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How Local Governments Can Minimize Audit Findings on Federal Disaster Aid

Federal damage from Harvey

The 2017 hurricane season made history as the most expensive hurricane season to date. Last year, hurricanes Harvey, Irma, and Maria (along with 14 others) took their toll on our country’s citizens and infrastructures to the tune of over $200 billion. While our local governments are often best prepared to provide immediate disaster relief efforts, it can come at an expense that is difficult for them to absorb without assistance. Federal disaster aid programs, like those run by the Federal Emergency Management Agency (FEMA), have provided state, local, and tribal governments with grants to help with all types of natural disasters, from hurricanes in the East to wildfires in the West. Unfortunately, along with this assistance comes administrative challenges. Governments who utilize federal grants to help rebuild after a natural disaster must follow certain steps before, during, and after the event to comply with FEMA guidelines.


Tips to Maximize Federal Disaster Aid

To ensure that they receive the aid they are entitled to, federal aid recipients should concentrate on two things: (1) the process required by the program, and (2) the documentation of that process.


Program Process

The steps FEMA requires you to take before, during, and after the disaster may differ from your modus operandi. Familiarize yourself with the program’s requirements, and adjust your operations to comply.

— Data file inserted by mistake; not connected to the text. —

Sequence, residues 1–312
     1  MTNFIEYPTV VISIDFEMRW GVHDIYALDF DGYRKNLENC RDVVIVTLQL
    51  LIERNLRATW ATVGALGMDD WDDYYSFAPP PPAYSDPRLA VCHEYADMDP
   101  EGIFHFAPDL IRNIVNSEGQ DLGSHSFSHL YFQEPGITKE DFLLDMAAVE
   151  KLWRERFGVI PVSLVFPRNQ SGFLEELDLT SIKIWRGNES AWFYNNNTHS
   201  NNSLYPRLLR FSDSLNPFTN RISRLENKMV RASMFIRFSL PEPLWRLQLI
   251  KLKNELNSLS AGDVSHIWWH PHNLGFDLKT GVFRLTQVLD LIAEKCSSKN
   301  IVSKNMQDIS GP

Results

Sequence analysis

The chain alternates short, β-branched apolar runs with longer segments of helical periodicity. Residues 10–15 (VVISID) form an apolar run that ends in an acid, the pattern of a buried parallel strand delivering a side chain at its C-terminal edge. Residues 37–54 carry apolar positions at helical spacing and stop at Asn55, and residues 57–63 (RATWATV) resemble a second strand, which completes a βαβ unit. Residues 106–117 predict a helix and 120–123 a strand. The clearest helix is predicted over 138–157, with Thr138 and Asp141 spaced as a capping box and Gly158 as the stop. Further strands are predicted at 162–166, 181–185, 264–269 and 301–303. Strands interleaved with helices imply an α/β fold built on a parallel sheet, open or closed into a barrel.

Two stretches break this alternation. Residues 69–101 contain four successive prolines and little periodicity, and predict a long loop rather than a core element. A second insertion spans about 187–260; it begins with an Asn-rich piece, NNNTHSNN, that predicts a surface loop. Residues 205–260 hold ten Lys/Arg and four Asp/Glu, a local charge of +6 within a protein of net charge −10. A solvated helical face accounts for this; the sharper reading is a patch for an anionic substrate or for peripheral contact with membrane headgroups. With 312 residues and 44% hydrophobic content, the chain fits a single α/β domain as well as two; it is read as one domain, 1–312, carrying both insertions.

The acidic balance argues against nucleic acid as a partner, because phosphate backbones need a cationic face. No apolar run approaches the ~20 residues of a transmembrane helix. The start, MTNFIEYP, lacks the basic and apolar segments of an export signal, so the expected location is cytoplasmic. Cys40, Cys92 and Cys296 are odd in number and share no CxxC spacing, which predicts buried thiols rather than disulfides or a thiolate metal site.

Example A:

A FEMA recipient was awarded $1 million for disaster-related debris removal. They solicited bids only from contractors they had used previously. Because FEMA’s procurement process requires free and open competition, the claim was identified as a questioned cost. There was no public exigency (e.g. an immediate need) to support the recipient’s deviation from the FEMA procurement process.

Example B:

A FEMA recipient was looking to repair flood damage to an elementary school. They knew that an open solicitation would take too long to complete the repairs before the beginning of the school year, so to speed up the process, they only solicited bids from contractors they had worked with previously. They awarded the contract to the lowest bidder. FEMA allowed this noncompetitive solicitation because repairing the building before the first day of school was an exigent concern to the community.

It is common for grant recipients to be unfamiliar with FEMA’s requirements, so read the fine print and familiarize yourself with the rules. A few ways that you can ensure you are following FEMA’s preferred process is to:

  • Check with your Federal Grant Program Coordinator to ensure your claim could not be funded under a different federal program.
  • If you utilized FEMA funds to perform repairs that were later reimbursed by your insurance company, credit FEMA with the amount that insurance covered to avoid duplicate coverage.
  • Familiarize yourself with proper procurement practices